297. Shameless Self-Promotion

Today I attended my first class in university in almost half a year. The lecturer, whom I presume to be an American-born Russian, did the usual round of introductions, and this went down when I was introducing myself to the class of about 20 people:

ME
Hello guys. I’m Joseph; you can call me Joseph. I’m majoring in Management and Finance. I’m from Taman Tan Yew Lai – it’s this little place just off Old Klang Road, in KL. And, uh, what else do you want to know about me?

GIRL (whom I’d later know as Ravina)
What do you like to do?

ME
When I’m not in class, I’m usually writing.

GIRL
Oooh! Poems?

ME
Not so much of poems. If you add me on Facebook, you’ll see a whole bunch of short stories that I’ve written on Notes.

LECTURER
And for more information, log on to http://www.joseph.com! Thank you very much, please sit down.

Well. Screw you too, sir.

(I mean, we were having a moment there, she and I. It could have been a life-altering conversation, and you just had to go ahead and ruin that!)

But not really. He was a reasonably fun person, and an exceptionally fun lecturer to have, especially when the subject at hand is Managerial Accounting. But enough about the presumably-American-born-Russian lecturer whose name I didn’t even get, because I was out having breakfast when he was introducing himself.

(don’t judge me like that. It’s the most important meal of the day!)

Let’s talk about shameless self-promotion.

When my eBook (Death And Other Things, if you’d like to look it up) was published early 2013, I did my research on book promotion. How can I get my book out there? What are the ways to gain as much visibility as possible?

After reading, like, 3 sites, I think I qualify as an authority on the subject matter. It is apparently a unified opinion that as far as marketing is concerned, social politeness should be the last of your concerns. The folks on Writer’s Digest said so, Mr. King also said so (except in a different context, but still about the same). Get your material out there. Send it to reviewers. Give it to friends, family members, and old teachers. Tell all your Facebook friends about it. Tweet about it. Heck, go onto Myspace and talk about it there, just in case someone is still hanging around.

Except I’ve never really been comfortable about doing self-promotion. Self-depreciation, I do plenty. I mean, just look at that author’s bio I wrote for Death And Other Things (I suspect that’s one of the reasons for the poor sales). I cannot, for the life of me, say good things about myself without feeling like a total sham.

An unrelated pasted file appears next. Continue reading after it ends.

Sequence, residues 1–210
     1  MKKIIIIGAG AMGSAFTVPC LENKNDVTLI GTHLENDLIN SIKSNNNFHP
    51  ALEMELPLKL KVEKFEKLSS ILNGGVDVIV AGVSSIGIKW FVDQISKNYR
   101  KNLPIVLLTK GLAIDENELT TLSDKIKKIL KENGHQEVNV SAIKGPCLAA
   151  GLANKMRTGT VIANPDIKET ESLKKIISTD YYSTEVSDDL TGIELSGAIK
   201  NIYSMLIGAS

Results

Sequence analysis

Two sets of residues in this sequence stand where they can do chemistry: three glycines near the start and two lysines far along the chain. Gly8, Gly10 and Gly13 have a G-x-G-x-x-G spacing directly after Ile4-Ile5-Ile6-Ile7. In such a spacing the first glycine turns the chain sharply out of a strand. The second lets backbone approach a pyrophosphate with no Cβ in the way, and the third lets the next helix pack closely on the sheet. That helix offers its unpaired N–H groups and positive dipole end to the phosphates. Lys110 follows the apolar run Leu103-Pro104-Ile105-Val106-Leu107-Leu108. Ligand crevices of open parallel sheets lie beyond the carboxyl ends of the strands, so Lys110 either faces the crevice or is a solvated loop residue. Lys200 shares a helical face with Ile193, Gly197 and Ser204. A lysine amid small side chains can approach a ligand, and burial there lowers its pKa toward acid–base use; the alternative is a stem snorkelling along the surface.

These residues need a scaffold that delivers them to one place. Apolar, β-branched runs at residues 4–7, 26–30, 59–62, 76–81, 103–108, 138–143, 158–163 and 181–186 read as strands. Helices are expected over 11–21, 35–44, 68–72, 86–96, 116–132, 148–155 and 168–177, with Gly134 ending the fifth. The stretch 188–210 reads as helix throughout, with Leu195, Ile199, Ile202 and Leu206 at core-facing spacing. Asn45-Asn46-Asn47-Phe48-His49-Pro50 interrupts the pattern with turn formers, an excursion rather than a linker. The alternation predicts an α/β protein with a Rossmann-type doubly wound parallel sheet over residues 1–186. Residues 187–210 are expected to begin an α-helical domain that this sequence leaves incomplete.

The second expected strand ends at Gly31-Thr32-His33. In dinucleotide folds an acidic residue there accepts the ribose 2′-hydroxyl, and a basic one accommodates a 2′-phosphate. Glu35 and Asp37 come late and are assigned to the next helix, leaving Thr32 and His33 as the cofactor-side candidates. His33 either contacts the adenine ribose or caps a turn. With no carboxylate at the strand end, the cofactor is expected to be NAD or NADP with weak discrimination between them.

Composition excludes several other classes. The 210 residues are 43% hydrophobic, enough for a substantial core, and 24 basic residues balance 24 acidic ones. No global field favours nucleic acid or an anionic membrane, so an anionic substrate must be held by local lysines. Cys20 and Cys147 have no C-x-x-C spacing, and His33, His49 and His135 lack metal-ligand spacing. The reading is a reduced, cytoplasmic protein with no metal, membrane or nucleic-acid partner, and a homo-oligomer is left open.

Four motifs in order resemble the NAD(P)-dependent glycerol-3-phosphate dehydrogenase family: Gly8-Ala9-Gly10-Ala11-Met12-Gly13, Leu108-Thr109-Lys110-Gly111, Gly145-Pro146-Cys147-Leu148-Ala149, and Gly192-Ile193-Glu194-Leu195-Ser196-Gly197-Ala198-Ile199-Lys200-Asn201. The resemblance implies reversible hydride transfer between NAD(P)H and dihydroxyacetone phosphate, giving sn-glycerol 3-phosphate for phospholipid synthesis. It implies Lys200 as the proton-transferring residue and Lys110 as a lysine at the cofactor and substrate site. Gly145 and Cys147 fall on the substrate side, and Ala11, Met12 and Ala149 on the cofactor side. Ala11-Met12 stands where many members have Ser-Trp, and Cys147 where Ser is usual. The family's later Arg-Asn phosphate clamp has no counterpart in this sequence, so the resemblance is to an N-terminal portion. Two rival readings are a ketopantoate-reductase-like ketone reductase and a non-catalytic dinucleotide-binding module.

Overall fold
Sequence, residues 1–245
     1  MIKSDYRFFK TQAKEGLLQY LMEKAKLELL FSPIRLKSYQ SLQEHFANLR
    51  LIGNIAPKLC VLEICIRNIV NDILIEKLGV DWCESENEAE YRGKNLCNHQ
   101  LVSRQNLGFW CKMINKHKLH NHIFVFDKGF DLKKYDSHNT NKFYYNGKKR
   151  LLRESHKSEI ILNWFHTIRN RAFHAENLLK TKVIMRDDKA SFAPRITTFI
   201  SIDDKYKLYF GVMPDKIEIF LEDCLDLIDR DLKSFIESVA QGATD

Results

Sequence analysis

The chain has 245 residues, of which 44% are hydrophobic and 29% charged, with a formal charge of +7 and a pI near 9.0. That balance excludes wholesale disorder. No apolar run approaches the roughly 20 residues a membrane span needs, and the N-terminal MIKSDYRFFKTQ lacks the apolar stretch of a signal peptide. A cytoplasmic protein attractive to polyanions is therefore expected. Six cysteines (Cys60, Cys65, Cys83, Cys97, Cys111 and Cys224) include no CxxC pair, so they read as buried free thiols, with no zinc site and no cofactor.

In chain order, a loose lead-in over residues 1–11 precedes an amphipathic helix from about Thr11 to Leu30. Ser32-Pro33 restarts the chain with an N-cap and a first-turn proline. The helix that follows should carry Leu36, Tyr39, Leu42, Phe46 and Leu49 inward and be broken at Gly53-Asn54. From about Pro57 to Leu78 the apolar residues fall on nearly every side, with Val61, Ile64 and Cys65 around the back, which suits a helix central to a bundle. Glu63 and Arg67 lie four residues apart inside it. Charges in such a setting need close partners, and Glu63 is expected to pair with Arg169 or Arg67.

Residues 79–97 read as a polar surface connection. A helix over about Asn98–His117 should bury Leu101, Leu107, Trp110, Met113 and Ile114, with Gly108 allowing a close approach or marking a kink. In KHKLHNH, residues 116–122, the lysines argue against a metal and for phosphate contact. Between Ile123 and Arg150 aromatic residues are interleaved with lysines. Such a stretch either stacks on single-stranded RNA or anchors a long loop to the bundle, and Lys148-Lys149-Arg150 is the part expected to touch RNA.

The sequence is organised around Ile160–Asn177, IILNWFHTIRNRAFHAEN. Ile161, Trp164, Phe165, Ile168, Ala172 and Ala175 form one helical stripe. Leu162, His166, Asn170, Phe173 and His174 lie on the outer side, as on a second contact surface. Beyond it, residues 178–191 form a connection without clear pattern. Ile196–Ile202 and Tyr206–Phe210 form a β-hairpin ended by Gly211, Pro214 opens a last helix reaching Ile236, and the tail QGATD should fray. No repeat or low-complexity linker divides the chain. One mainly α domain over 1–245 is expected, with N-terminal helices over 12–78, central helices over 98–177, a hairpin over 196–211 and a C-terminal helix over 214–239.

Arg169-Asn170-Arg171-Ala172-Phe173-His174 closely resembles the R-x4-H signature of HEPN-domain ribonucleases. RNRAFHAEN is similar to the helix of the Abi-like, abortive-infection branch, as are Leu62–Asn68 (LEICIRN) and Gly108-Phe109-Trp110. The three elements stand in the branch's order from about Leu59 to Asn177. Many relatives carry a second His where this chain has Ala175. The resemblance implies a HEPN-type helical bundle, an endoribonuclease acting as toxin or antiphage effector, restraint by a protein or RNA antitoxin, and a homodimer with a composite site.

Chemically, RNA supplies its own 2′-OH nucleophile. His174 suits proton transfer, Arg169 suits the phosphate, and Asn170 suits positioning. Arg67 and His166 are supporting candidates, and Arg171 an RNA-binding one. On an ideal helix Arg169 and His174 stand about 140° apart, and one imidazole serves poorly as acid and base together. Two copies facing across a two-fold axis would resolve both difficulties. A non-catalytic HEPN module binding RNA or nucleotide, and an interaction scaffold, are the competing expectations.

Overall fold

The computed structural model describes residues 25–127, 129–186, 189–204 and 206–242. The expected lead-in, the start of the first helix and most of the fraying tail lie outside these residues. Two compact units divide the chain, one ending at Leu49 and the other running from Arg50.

(unless it’s telling people that I think I am, beyond the shadow of a doubt, irresistibly cute)

I think the problem has its roots with me finding it difficult to say anything nice about anything. For every compliment I give, I have 10 reserved criticisms. It’s not that I hate things, don’t get me wrong; but it just comes more naturally to me to see the areas for improvement than the areas that are well-built.

I don’t know what the publishers were thinking either, putting the promotion of my book into my own hands. Man, if I was any good at doing marketing, you think I’d be a writer?

Last year in September, during the car ride from the airport to Sharon’s place, I was talking to her about the same thing: my inability to give any praise to myself. And she had this gem of sagely advice to offer: “Since you can’t, you know, give qualitative remarks to yourself, try quantitative?”

After half of the first lesson, we had a half-hour break. In that time, one of the other students (who was my group mate in a previous semester) came up and asked how was my writing doing. I stiffened at first, but Sharon’s advice kicked in, and I said:

“Well. I had a short story published in Esquire earlier in March. So that was great.”

And she flashed me a smile with two thumbs-up.

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